Famous Caddo

Famous Caddo, notable chiefs, medicine men and leaders

At the top of Caddo society were religious and political leaders who held inherited positions. These positions were normally held by men, but a few female leaders are known from historic accounts and in some high-status prehistoric tombs the principal individuals appear to have been women.

Among the Hasinai groups, the xinesi (pronounced chenesi, meaning Mr. Moon) inherited the position of spiritual leadership (head priest) and served all of the allied communities.

Each community had a caddi or principal headman (civil chief), a rank that was also inherited from father to son, as well as a group of village elders known as canahas.

In consultation with the canahas, the caddi was primarily responsible for making the important political decisions for the community, sponsoring major ceremonies of a diplomatic nature, leading councils for war/raiding expeditions, and conducting the calumet (or peace pipe) ceremony with important visitors to the communities.

The tammas were subordinate “enforcers” who made sure the caddi’s decisions were obeyed and that people behaved properly.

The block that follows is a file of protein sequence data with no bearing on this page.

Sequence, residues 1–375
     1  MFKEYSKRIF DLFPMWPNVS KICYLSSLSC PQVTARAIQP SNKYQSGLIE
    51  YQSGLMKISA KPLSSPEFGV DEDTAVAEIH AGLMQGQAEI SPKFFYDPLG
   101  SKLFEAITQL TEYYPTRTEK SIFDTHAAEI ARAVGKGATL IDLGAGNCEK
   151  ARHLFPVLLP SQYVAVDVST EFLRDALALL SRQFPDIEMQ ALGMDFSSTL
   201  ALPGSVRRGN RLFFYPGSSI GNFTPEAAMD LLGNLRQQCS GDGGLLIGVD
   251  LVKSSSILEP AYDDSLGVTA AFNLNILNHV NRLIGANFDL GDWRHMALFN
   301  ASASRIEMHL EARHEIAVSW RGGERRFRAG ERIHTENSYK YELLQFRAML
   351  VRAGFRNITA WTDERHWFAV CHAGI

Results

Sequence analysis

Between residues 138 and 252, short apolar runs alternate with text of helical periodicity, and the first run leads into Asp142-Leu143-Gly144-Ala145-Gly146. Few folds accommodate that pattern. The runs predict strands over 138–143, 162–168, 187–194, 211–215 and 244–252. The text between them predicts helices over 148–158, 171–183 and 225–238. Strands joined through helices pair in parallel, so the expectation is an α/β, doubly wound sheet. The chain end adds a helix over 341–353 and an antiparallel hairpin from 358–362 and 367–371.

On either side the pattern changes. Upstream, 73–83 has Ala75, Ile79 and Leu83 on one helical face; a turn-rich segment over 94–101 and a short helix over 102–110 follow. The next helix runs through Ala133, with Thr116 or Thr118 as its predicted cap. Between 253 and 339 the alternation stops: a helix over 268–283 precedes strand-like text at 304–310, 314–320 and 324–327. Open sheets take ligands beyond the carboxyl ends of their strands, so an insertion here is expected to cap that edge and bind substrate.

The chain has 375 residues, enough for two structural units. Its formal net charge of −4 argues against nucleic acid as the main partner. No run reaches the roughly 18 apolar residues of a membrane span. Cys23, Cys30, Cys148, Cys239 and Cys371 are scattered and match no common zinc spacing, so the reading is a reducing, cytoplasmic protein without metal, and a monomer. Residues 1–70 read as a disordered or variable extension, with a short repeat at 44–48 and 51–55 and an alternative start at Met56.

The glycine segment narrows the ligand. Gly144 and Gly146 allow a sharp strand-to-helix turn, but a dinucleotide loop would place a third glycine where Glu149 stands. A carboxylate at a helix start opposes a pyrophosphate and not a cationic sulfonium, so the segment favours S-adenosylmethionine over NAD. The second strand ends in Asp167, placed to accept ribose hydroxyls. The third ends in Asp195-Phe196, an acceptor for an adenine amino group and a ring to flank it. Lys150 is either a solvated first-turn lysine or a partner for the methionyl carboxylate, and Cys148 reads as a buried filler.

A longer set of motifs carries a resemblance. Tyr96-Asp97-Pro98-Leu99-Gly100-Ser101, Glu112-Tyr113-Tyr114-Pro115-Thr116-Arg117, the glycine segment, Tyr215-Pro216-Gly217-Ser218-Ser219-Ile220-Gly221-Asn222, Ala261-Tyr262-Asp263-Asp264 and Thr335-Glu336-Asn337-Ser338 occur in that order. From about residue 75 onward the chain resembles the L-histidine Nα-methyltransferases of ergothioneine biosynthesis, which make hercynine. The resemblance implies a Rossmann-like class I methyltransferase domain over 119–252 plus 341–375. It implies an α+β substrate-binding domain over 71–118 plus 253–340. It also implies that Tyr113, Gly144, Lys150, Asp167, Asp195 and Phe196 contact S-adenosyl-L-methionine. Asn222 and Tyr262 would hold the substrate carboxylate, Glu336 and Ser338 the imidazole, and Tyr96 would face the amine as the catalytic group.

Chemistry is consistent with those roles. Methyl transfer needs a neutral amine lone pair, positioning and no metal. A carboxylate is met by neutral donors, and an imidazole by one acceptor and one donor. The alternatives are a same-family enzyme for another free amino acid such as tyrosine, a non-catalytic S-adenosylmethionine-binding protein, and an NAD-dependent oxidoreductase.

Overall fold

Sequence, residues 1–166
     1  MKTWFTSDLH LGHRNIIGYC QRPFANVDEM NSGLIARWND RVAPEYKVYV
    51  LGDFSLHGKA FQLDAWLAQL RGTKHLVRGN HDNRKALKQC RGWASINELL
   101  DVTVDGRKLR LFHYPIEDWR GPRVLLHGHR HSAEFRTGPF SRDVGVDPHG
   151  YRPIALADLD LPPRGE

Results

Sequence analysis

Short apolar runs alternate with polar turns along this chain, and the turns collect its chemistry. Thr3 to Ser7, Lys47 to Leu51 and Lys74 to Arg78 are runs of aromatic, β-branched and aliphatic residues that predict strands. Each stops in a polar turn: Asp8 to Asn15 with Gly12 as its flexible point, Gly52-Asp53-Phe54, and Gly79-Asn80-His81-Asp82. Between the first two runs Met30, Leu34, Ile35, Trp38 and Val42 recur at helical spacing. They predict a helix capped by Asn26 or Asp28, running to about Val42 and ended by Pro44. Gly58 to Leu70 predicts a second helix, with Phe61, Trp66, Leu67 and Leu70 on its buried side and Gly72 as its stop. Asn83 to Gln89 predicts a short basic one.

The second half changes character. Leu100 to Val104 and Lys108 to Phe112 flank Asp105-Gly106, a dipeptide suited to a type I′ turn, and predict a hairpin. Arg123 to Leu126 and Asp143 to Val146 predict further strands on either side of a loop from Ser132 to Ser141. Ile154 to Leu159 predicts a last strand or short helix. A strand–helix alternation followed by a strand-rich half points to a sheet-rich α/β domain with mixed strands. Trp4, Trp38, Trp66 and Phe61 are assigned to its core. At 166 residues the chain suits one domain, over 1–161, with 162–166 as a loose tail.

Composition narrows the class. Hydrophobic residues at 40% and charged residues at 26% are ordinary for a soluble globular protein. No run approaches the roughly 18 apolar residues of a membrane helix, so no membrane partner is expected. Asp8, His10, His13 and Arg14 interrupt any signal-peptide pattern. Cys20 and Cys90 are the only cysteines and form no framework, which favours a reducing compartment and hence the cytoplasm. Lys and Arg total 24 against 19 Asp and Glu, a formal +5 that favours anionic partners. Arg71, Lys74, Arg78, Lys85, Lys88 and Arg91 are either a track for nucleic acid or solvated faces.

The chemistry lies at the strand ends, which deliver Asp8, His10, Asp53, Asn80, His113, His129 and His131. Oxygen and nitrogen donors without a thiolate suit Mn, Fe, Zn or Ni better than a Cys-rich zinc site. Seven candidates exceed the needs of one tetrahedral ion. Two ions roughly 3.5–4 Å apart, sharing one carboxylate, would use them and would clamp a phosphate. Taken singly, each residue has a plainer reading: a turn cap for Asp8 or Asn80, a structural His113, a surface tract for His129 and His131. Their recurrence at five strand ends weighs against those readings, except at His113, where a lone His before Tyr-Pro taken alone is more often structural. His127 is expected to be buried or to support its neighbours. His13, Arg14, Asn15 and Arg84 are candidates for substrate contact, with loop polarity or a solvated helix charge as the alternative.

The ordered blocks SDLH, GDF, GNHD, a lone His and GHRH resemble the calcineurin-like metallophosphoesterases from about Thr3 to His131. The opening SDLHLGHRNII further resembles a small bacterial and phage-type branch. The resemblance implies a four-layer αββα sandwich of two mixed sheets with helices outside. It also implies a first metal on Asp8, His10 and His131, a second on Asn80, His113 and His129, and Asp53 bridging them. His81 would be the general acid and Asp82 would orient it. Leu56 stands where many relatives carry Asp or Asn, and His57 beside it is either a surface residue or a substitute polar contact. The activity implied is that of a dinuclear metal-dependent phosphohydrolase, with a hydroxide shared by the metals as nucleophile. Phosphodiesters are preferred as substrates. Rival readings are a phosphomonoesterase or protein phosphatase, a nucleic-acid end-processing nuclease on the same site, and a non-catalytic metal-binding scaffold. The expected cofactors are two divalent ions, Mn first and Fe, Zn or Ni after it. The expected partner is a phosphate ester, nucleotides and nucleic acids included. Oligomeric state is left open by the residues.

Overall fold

Tommy Wayne Cannon (September 27, 1946–May 8, 1978) – An important Native American artist of the 20th century. An enrolled member of the Kiowa Tribe with Caddo and French descent, he was popularly known as T.C. Cannon.

LaRue Parker – Former tribal chairperson

Jereldine “Jeri” Redcorn, aka Bah-ha Nutte, (meaning “River Woman) (born 1939-) – A Caddo-Potawatomi  artist who single-handedly revived traditional Caddo pottery.

John Wilson (1840-1901) – Caddo Peyote roadman

José Maria, aka Iesh (Aasch) –  Chief or caddice, as the Caddo people called their principal leader –  of the Anadarko (Nadaco) from about 1842 to 1862, who rose to become principal chief of all the Caddo during the mid-1800s. He led the Caddo from the short-lived Brazos Reserve in Texas to the Indian Territory in 1859.

Sho-We-Tit (Billy Thomas) – A Caddo man photographed by Joseph Dixon on June 21, 1913 at Anadarko, Oklahoma.

Tinhiouen – Kadohadachos Chief from 1760 to 1789.

Dehahuit – Kadohadachos Chief from 1800-1833.

Whitebread – Caddo chief (caddi) from 1902-1913.

Bar-Zin-Debar (Tall Man)

Sho-e-tat (Little Boy) aka George Washington (1816-1883) – Louisiana Caddo leader of the Whitebread Caddos.  Appointed to the rank of major and in command of two-companies designated to protect peaceful Indian settlements from marauding Comanches. He played both sides of the fence, and bootlegged weapons to the wild Indians for more than 10 years.

Tskararalisin (Eagle Chief)

Lisha-Lalahikots (Brave Chief)

Caddo Tribes:

Adai Caddo Indian Nation, LA (S)
Caddo Nation of Oklahoma, OK (F)